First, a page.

December 15, 2005 at 10:03 AM · hey i dont know if people are still checking out this discussion. But i definately agree....only i wish i would see more international artists on there. Like where i'm from, australia, i think it would be the most inspirational event to see an australian violinist on a show like opera. but i guess that wont happen till an american does. Oh well, i can still dream and hope cant i?

December 15, 2005 at 05:45 PM · If there is an Australian Heifetz lurking about that we have not heard about, let us know. I think we would have heard about him or her by now. Until then, what can you say????Good-ai and Fair dinkum :)

BTW it is Oprah Winfrey not Opera W.

December 15, 2005 at 05:35 PM · Good-ai Gennady...thanks for the translation, Gluck indeed!

December 15, 2005 at 05:37 PM · Cheers mate!! (pron. mae-ite)

December 15, 2005 at 09:17 PM · Actually, I would have to say that some Oprah shows come very close to Opera. (Soap Opera, that is.)

Everything on TV, even the "news", has to be sensationalized, emotionalized, to "connect with the viewership".

I'd totally watch a hunky guy play a Strad, tho. ;)

December 15, 2005 at 10:59 PM · Greetings,

I take it your preference is for the `Long Pattern` model?



December 16, 2005 at 11:15 AM · well yeah sorry for the spelling mistake of oprah. sometimes i forget to check what i write. And hmm i dont know bout you guys, but fair dinkum is something only maybe Steve Irwin says, i havent said it unless im joking around. And in terms of Heifitz- there will never be another Heifitz, in any country so i think its unfair for you to say that. If you dont go to a country and see the talent there how can you judge so easily? I think America is fullof talent and so is europe and the entire world.....sorry to sound catty, i dont mean to if i do. But yeah, check out the Australian youth Orchestra calibre and the Queensland Youth Symphony over the last few might be pleasantly suprised at the quality of performers.

December 16, 2005 at 04:44 PM · Natalie,

With all do respect, most talented people go study abroad. Europe & or US.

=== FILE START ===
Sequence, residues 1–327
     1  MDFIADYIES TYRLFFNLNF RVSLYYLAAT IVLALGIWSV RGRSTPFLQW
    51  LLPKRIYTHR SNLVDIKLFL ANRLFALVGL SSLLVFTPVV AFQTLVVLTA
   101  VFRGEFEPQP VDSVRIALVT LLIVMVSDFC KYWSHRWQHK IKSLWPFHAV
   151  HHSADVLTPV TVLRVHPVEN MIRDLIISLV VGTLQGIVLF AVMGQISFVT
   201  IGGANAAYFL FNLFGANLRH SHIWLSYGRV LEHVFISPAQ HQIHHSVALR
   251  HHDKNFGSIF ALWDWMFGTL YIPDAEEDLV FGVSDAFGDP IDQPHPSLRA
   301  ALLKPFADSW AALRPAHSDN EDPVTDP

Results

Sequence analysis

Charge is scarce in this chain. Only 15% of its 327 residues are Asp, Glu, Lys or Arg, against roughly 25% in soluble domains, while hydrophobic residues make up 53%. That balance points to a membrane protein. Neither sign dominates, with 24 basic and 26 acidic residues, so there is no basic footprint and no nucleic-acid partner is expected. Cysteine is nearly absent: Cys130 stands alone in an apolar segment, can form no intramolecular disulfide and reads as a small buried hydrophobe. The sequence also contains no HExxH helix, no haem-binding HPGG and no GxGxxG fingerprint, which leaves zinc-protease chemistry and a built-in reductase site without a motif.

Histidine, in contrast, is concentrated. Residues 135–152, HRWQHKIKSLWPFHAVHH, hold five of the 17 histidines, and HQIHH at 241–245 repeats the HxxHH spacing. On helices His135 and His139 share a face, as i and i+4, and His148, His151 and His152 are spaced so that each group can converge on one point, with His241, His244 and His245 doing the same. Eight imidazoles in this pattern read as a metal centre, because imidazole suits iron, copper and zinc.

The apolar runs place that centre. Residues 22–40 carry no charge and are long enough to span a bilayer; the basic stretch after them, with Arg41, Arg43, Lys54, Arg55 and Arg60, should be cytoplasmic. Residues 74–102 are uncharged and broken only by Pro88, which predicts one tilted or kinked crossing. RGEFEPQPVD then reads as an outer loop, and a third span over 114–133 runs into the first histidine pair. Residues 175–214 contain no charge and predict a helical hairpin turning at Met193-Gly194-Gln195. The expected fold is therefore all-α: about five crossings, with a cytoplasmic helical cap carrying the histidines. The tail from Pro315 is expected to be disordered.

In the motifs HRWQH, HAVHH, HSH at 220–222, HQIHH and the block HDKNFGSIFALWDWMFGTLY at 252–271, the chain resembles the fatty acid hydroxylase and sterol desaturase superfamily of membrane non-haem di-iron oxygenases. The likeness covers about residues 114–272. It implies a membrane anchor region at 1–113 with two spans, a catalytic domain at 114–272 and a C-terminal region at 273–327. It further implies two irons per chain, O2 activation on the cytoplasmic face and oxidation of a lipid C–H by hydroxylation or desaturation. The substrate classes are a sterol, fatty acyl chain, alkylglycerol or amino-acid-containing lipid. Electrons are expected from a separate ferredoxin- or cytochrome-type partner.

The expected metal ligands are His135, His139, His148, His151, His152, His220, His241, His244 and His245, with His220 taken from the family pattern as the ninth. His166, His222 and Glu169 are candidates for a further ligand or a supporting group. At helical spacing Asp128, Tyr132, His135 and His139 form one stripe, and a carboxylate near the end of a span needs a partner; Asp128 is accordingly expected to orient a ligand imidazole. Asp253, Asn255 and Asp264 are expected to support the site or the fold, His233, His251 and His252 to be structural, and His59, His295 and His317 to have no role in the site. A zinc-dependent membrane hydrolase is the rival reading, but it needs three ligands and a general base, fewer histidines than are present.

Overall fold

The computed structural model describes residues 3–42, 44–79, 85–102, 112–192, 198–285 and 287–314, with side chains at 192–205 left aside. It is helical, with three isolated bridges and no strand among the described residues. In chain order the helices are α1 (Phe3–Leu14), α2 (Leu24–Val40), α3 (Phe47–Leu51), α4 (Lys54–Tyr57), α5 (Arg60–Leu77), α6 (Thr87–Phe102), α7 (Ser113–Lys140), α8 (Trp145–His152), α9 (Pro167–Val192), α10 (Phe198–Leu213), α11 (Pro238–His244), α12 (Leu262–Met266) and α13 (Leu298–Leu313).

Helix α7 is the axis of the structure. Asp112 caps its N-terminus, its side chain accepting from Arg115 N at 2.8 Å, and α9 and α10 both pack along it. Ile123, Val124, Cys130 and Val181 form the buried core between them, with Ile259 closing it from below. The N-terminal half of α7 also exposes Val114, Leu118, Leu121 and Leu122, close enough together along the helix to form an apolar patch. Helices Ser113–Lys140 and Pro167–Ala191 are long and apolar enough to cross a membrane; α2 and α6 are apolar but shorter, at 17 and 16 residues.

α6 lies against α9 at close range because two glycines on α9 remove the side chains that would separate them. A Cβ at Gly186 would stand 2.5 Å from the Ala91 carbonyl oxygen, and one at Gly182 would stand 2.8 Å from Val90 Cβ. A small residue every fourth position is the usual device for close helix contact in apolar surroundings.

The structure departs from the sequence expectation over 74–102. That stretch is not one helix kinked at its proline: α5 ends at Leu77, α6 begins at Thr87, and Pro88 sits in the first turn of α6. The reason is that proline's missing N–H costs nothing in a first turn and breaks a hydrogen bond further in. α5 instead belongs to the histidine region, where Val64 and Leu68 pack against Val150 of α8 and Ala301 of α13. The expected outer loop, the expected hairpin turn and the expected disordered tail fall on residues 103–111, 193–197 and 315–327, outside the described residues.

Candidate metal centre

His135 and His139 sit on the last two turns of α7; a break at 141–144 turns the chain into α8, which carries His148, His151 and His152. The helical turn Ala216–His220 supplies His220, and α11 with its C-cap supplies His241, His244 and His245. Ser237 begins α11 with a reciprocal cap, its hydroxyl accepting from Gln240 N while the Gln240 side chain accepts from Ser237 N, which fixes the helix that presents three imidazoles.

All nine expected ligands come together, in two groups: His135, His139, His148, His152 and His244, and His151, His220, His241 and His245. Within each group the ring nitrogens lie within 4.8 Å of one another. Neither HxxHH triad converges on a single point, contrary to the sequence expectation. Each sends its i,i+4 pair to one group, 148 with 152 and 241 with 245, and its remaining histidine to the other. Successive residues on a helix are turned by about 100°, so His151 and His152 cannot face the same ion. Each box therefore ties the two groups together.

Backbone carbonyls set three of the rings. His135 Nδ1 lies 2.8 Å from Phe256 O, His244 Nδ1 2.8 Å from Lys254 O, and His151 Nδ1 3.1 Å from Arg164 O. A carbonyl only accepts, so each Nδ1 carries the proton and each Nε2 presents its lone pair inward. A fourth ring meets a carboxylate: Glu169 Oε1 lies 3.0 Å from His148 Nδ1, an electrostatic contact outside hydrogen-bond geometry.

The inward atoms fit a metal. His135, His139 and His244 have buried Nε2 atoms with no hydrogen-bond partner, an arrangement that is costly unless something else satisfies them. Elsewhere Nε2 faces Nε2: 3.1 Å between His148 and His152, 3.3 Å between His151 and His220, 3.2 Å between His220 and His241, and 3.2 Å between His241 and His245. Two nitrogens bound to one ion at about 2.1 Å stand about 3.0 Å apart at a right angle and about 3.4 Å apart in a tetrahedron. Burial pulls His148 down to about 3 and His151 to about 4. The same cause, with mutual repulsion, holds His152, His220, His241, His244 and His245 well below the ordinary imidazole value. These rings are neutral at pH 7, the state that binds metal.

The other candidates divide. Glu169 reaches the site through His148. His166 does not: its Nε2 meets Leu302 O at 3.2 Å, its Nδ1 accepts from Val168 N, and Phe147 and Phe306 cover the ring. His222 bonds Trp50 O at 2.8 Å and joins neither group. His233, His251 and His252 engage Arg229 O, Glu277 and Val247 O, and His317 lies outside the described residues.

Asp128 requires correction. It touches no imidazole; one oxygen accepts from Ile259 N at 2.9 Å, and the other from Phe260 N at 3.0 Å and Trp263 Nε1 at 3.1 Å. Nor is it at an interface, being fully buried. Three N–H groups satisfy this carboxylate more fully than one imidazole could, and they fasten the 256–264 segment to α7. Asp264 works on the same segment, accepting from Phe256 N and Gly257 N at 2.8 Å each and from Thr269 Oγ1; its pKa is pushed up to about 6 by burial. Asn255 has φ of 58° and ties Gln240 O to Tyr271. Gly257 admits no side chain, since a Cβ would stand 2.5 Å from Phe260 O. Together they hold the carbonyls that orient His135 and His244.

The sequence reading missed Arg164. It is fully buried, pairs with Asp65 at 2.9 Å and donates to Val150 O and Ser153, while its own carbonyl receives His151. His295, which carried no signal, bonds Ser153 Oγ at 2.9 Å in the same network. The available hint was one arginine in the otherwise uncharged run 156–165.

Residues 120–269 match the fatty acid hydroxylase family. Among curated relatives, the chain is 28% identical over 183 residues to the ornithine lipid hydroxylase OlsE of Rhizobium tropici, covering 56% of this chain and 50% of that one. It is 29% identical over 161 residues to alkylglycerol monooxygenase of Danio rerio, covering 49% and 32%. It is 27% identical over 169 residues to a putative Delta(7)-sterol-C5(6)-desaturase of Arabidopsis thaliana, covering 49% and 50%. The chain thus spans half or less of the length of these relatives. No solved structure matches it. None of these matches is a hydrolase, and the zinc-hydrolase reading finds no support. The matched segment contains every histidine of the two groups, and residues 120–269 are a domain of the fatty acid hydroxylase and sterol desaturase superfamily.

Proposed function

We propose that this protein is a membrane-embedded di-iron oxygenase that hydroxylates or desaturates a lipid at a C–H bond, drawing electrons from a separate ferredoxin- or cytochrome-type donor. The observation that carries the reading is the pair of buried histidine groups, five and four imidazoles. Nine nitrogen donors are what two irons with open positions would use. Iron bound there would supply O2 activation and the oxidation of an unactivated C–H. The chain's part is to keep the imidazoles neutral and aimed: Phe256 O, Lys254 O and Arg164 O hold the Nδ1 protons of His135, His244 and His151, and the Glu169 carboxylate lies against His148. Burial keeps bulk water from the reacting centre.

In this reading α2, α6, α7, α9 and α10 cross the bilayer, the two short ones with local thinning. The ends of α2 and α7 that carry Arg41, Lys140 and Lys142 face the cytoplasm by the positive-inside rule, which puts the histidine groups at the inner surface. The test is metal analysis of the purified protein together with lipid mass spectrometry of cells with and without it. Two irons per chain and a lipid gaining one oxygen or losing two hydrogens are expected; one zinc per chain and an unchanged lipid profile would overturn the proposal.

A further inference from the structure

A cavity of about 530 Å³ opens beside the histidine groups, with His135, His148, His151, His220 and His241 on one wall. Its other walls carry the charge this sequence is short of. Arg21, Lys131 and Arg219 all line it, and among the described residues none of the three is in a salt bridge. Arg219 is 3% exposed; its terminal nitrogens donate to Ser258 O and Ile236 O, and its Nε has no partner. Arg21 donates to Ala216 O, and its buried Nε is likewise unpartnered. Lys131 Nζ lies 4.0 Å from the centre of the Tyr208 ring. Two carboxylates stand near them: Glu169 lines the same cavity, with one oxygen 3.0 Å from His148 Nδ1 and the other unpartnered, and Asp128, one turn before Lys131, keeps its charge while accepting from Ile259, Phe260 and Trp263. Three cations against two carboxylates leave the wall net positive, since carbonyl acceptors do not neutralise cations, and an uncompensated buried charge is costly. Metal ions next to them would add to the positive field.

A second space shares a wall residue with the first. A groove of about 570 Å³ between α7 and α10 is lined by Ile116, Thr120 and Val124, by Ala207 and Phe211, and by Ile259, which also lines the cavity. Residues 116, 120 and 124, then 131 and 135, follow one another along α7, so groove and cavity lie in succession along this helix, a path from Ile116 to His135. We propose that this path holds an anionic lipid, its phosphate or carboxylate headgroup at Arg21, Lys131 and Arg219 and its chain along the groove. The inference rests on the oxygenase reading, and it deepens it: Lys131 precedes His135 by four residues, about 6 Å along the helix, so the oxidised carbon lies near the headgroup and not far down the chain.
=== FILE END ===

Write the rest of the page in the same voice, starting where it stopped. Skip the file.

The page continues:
One of my best friends since school days at MSM is an Australian (now we ended up in the Seattle Symphony together).

By the time they graduate, if they are fabulous, they will most likely compete in the world arena and garner top prizes in major competitions.

If they happen to be the 1st prize winner of several major competitions, rest assured that that person would be playing at Carnegie and Wigmore Hall in no time.

ps: so it's not like there is a great talent that is being overlooked by the US market.

Music world is made up of an international community :)

December 17, 2005 at 08:27 AM · seems as if this thread has been wrung dry by now...

December 17, 2005 at 09:50 AM · You can't be serious.

December 20, 2005 at 01:11 AM · yes i can! so there. nyaaahnyaaah boogaboogabooga blahblahblah.

December 20, 2005 at 04:46 AM · This thread is for serious violinists. Glad to see you're up to par.

December 20, 2005 at 04:49 AM · Gennady... I wasn't saying that australians don't go overseas to further their career. But yeah, that's cool that there is an australian in that orchestra. And I guess, its a shame that Australia doesn't really have the greatest opportunities for violinists, besides Brandenburg Orchestra and ACO (Australian Chamber Orchestra). i think its a great idea that they have any violinist on any american show, because we seem to get most of the shows that run over there anyways. Have a good christmas anyways.

December 21, 2005 at 01:23 AM · Natalie,

BTW, Australia also has the Melbourne Symphony, Sydney Symphony, and if you are so concerned about more opportunities for Australian violinists in Australia, check out Music Council of Australia.